Ultrastructural changes associated with dexamethasone-induced ocular hypertension in mice

Darryl R. Overby, Jacques Bertrand, Ozan Yüksel Tektas, Alexandra Boussommier-Calleja, Martin Schicht, C. Ross Ethier, David F. Woodward, W. Daniel Stamer, Elke Lütjen-Drecoll

Research output: Contribution to journalArticlepeer-review

99 Scopus citations


PURPOSE. To determine whether dexamethasone (DEX)-induced ocular hypertension (OHT) in mice mimics the hallmarks of steroid-induced glaucoma (SIG) in humans, including reduced conventional outflow facility (C), increased extracellular matrix (ECM), and myofibroblasts within the outflow pathway. METHODS. Osmotic mini-pumps were implanted subcutaneously into C57BL/6J mice for systemic delivery of DEX (3-4 mg/kg/d, n = 31 mice) or vehicle (n = 28). IOP was measured weekly by rebound tonometry. After 3 to 4 weeks, mice were euthanized and eyes enucleated for ex vivo perfusion to measure C, for electron microscopy to examine the trabecular meshwork (TM) and Schlemm's canal (SC), or for immunohistochemistry to examine type IV collagen and α-smooth muscle actin. The length of basement membrane material (BMM) was measured along the anterior-posterior extent of SC by electron microscopy. Ultrastructural changes in BMM of DEX-treated mice were compared against archived human SIG specimens. RESULTS. Dexamethasone increased IOP by 2.6 ± 1.6 mm Hg (mean ± SD) over 3 to 4 weeks and decreased C by 52% ± 17% versus controls. Intraocular pressure elevation correlated with decreased C. Dexamethasone treatment led to increased fibrillar material in the TM, plaque-like sheath material surrounding elastic fibers, and myofibroblasts along SC outer wall. The length of BMM underlying SC was significantly increased in mice with DEX and in humans with SIG, and in mice decreased C correlated with increased BMM. CONCLUSIONS. Dexamethasone-induced OHT in mice mimics hallmarks of human SIG within 4 weeks of DEX treatment. The correlation between reduced C and newly formed ECM motivates further study using DEX-treated mice to investigate the pathogenesis of conventional outflow obstruction in glaucoma.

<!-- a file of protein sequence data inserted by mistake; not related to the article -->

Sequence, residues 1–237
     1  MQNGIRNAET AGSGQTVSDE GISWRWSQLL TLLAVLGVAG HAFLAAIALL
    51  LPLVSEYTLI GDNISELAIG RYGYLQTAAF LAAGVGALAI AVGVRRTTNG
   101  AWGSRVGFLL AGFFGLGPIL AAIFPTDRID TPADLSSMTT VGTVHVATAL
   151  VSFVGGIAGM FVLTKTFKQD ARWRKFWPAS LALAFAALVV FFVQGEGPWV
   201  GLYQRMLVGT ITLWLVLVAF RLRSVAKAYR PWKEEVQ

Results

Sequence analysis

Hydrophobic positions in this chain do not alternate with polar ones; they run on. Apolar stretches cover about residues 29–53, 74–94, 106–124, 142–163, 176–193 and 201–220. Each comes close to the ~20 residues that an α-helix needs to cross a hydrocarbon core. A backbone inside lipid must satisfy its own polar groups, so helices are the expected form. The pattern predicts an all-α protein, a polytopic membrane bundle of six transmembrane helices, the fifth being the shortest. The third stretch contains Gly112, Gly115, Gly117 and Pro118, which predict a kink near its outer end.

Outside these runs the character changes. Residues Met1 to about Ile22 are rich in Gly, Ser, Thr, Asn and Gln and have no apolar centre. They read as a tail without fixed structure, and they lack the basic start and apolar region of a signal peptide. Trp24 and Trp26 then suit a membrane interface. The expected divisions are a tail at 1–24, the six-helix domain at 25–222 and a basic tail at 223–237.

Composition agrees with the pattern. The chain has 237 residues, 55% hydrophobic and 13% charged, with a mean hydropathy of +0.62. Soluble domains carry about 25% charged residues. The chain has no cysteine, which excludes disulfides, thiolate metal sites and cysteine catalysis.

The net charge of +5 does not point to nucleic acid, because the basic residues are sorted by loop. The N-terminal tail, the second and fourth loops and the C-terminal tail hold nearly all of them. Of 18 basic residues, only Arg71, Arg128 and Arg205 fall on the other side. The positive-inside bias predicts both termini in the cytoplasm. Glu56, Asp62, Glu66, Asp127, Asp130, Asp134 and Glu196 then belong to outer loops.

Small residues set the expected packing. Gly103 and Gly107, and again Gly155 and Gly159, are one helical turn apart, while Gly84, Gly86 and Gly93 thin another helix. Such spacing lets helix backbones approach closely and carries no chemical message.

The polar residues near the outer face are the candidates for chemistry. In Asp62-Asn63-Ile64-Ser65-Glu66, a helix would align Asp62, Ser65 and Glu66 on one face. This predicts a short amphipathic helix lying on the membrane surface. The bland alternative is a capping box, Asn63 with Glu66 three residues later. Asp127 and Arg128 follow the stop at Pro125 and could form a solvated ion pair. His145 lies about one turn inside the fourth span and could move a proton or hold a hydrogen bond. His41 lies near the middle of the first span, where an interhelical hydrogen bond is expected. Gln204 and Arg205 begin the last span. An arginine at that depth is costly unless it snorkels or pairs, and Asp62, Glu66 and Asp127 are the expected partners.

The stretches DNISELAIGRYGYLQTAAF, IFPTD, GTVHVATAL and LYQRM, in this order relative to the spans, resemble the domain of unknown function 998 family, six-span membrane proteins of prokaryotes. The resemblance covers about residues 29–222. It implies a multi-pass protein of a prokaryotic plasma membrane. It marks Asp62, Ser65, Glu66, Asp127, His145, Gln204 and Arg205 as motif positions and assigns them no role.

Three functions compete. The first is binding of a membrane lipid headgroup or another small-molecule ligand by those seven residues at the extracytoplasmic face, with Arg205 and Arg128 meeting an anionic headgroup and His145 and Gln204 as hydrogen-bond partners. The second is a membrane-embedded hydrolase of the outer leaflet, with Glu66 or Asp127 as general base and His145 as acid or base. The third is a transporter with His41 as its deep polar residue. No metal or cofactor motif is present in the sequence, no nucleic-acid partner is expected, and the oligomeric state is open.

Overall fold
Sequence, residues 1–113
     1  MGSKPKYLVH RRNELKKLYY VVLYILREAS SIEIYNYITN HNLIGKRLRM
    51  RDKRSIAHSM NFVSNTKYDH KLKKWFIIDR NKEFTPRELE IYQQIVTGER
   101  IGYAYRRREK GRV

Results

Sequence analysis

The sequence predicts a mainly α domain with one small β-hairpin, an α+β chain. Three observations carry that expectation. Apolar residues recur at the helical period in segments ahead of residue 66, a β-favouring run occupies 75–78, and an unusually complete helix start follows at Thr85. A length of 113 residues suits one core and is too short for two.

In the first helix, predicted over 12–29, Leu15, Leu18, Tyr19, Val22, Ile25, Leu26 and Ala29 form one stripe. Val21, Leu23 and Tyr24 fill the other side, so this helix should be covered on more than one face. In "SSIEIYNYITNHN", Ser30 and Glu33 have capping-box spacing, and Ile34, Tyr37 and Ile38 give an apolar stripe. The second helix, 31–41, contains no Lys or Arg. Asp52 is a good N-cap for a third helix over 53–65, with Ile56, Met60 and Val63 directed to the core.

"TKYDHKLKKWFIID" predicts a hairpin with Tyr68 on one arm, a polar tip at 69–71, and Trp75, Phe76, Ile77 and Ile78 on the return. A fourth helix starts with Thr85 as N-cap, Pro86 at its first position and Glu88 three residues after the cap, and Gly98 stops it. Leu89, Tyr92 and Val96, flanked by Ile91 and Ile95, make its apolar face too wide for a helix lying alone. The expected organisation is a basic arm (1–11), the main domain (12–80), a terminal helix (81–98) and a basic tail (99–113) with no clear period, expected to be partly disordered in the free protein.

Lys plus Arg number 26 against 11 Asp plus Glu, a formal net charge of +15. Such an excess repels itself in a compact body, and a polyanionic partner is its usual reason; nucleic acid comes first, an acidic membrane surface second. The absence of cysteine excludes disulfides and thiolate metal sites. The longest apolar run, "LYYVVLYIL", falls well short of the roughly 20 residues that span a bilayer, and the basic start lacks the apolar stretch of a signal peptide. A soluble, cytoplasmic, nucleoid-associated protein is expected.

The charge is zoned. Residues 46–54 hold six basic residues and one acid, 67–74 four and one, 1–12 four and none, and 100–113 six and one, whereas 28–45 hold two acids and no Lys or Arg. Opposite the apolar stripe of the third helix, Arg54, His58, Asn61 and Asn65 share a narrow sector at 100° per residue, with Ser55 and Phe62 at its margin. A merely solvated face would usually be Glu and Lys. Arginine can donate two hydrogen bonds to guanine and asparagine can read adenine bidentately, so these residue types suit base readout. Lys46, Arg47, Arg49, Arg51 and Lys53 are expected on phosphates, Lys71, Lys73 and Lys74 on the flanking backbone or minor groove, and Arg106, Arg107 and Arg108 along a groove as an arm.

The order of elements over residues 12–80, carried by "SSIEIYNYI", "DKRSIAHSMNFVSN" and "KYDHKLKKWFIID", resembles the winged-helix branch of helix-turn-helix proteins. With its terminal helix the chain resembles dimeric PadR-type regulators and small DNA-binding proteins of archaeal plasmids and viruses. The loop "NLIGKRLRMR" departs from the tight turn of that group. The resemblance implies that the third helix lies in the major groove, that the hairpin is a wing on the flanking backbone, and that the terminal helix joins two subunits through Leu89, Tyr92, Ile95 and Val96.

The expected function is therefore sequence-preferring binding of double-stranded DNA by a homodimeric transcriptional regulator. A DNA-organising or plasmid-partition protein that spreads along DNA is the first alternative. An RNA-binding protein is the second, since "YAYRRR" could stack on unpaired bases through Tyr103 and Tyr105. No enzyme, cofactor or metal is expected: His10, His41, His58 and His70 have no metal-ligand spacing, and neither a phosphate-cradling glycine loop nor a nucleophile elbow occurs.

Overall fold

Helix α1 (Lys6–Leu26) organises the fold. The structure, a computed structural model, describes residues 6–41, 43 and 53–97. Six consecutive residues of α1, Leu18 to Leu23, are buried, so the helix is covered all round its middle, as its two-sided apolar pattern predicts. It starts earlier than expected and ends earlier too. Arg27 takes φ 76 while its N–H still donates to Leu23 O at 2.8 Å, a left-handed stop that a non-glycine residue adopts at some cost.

Original languageEnglish (US)
Pages (from-to)4922-4933
Number of pages12
JournalInvestigative Ophthalmology and Visual Science
Issue number8
StatePublished - Aug 8 2014
Externally publishedYes


  • Basement membrane
  • Steroid glaucoma
  • Trabecular meshwork

ASJC Scopus subject areas

  • Ophthalmology
  • Sensory Systems
  • Cellular and Molecular Neuroscience


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